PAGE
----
Mahindra Satyam may end up paying a huge fee for restatement of its book of accounts that were allegedly fudged by its former Chairman Mr B. Ramalinga Raju. Indications are that the Hyderabad-based company will shell out close to Rs 60 crore by September when the accounts are expected to be restated.
“If you include the forensic accounting and all other payments the company has to make for the restatement, the outgo will easily be ‘north of Rs 50 crore’. With every round of delay, the costs are going up,” a top official in the know told reporters.
Days after Mr Raju confessed to fudging the Satyam accounts, a Government-nominated board had appointed auditing firms KPMG and Deloitte to help clear the mess.
Due to a host of reasons ranging from the complexity of the fraud to the unavailability of key documents, the restatement has fallen behind schedule three times already with the concomitant affect of pushing up the overall costs.
The company’s outgo goes up given that most audit firms charge on a man-hour basis, sources said.
Mr Vineet Nayyar, Chairman of Mahindra Satyam, referred to this at a recent press conference, when he said that the Satyam accounts restatement is “costing the company a fortune”. However, he did not provide further details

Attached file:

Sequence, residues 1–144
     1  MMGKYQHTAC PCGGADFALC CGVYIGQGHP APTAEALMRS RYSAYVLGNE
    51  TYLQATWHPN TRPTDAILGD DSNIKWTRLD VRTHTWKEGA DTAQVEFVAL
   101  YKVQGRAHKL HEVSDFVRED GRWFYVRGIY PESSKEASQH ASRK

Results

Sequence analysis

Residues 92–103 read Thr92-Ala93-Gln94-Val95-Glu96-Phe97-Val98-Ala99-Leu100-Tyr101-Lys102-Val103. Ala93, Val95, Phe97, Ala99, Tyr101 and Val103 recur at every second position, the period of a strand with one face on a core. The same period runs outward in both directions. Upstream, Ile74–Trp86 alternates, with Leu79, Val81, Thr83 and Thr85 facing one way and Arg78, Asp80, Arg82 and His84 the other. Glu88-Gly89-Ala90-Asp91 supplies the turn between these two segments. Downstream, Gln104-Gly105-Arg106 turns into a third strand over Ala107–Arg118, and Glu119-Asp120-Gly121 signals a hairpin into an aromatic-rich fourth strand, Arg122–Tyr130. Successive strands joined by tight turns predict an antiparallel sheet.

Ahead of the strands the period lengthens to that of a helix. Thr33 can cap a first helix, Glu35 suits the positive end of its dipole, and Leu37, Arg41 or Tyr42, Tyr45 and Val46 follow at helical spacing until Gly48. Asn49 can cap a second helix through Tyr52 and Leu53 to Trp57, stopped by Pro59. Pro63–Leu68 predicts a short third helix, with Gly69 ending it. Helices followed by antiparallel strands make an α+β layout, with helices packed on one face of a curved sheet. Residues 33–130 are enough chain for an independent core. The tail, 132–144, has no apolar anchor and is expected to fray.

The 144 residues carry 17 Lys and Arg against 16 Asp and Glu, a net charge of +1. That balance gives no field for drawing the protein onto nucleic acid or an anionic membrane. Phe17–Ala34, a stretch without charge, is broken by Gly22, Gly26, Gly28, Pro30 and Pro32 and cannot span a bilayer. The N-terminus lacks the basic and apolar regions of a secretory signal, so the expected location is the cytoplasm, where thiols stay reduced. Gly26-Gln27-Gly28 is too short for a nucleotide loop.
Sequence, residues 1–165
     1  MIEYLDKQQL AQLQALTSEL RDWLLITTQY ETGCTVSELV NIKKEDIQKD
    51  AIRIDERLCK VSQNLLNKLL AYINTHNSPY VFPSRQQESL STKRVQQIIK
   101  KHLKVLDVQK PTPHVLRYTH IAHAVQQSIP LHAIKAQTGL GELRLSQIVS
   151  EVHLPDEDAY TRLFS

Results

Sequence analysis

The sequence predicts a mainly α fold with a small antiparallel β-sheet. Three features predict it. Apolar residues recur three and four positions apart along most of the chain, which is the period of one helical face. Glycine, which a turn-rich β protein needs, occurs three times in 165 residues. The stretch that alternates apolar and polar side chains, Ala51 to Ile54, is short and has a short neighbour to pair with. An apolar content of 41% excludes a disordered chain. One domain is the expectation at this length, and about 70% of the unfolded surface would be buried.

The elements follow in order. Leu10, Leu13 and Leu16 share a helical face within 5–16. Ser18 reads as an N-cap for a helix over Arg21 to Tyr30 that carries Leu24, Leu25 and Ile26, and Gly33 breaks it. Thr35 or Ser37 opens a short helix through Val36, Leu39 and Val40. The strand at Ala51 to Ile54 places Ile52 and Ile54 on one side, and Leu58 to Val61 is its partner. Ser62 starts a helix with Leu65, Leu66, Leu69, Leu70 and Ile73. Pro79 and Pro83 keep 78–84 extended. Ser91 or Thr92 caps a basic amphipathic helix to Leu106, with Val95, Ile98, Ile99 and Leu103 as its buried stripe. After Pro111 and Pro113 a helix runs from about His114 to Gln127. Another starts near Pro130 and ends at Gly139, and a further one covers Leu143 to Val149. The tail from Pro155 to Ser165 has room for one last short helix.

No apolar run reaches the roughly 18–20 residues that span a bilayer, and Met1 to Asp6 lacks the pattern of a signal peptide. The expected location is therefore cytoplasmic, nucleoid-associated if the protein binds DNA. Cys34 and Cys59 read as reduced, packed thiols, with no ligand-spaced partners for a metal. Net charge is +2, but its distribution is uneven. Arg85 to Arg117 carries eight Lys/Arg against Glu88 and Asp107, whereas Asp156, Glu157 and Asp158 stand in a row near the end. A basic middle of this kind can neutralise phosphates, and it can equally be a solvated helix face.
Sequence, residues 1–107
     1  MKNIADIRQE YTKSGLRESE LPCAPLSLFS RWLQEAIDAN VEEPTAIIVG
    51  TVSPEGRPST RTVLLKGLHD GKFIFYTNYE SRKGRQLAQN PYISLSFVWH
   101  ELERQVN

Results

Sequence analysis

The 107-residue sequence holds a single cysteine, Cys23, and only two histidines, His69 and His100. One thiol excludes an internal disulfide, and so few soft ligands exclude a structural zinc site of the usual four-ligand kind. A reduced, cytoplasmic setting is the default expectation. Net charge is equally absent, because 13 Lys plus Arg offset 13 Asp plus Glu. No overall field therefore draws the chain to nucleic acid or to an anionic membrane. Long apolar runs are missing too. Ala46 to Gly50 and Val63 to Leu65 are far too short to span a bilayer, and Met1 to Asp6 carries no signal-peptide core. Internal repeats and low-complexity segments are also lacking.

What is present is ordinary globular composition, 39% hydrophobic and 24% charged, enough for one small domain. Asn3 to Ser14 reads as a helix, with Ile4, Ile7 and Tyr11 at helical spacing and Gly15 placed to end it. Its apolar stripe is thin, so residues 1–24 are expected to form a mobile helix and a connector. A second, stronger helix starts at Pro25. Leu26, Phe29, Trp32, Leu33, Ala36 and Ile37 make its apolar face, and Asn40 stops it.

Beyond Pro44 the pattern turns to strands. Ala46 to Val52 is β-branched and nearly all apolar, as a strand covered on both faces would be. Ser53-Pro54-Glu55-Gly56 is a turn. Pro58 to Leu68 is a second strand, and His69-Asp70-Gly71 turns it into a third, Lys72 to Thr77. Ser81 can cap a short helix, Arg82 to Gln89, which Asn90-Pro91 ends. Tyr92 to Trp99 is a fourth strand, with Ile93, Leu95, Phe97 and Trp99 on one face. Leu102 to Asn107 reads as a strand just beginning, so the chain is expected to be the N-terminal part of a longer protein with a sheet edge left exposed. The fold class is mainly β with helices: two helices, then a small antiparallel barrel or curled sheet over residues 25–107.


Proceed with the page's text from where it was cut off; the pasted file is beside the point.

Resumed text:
A spokesperson for KPMG said, “We do not comment on client matters.” His counterpart at Deloitte said it was now the statutory auditor for the Mahindra Satyam accounts and no longer associated with the process of account restatement.
So, how do industry watchers view this development?
“If the company is paying over Rs 50 crore for restating its accounts, just imagine what could potentially be the size of the fraud itself. I think that it is detrimental to shareholder interests,” Mr Uttam Prakash Agarwal, former President of the Institute of Chartered Accountants of India, said.
The positive part, according to him, is that it sends a message to the corporate world that cost of investing in compliance cannot be substituted with anything else
In all fairness to the audit firms, the Satyam challenge was something unparallel in accounting frauds. During the course of the process, the two accounting firms had dredged almost two terabytes of data from laptops and personal computers at Satyam. Since this information is much more than what could have been warehoused anywhere in India, it was moved to the UK till lab facilities could be created here, a recent news report said.